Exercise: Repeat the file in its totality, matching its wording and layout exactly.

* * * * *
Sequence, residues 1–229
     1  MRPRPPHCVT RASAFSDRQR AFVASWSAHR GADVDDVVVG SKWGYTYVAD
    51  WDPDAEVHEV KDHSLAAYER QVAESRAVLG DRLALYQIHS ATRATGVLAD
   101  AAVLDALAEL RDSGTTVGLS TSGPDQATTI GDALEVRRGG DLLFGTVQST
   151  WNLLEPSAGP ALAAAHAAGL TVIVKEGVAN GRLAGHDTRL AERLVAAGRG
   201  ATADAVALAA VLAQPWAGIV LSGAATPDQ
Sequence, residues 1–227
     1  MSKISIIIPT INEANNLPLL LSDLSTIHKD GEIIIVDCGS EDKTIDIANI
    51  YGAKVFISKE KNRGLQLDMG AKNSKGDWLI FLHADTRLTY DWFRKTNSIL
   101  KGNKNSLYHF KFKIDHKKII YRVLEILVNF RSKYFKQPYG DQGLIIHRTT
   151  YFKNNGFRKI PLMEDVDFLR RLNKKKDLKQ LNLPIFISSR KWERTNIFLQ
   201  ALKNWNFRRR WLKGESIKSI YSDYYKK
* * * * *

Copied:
Sequence, residues 1–229
     1  MRPRPPHCVT RASAFSDRQR AFVASWSAHR GADVDDVVVG SKWGYTYVAD
    51  WDPDAEVHEV KDHSLAAYER QVAESRAVLG DRLALYQIHS ATRATGVLAD
   101  AAVLDALAEL RDSGTTVGLS TSGPDQATTI GDALEVRRGG DLLFGTVQST
   151  WNLLEPSAGP ALAAAHAAGL TVIVKEGVAN GRLAGHDTRL AERLVAAGRG
   201  ATADAVALAA VLAQPWAGIV LSGAATPDQ
Sequence, residues 1–227
     1  MSKISIIIPT INEANNLPLL LSDLSTIHKD GEIIIVDCGS EDKTIDIANI
    51  YGAKVFISKE KNRGLQLDMG AKNSKGDWLI FLHADTRLTY DWFRKTNSIL
   101  KGNKNSLYHF KFKIDHKKII YRVLEILVNF RSKYFKQPYG DQGLIIHRTT
   151  YFKNNGFRKI PLMEDVDFLR RLNKKKDLKQ LNLPIFISSR KWERTNIFLQ
   201  ALKNWNFRRR WLKGESIKSI YSDYYKK